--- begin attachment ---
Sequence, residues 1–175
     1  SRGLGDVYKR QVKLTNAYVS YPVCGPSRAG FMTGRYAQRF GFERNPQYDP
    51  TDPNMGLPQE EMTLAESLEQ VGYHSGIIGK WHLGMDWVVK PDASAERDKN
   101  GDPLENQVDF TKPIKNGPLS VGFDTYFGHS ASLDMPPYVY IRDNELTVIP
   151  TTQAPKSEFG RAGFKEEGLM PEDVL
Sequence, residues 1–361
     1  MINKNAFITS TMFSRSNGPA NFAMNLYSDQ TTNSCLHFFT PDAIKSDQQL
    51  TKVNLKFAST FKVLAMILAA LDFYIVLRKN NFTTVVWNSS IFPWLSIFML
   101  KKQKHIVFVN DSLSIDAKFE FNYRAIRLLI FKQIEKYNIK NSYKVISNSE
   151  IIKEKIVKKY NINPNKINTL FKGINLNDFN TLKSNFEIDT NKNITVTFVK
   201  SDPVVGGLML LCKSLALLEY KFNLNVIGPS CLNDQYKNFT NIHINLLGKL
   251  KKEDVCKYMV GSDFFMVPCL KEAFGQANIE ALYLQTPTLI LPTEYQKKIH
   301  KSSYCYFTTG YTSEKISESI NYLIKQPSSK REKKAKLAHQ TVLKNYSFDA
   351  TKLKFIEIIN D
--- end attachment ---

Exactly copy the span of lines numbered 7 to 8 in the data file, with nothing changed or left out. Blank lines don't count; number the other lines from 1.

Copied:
     1  MINKNAFITS TMFSRSNGPA NFAMNLYSDQ TTNSCLHFFT PDAIKSDQQL
    51  TKVNLKFAST FKVLAMILAA LDFYIVLRKN NFTTVVWNSS IFPWLSIFML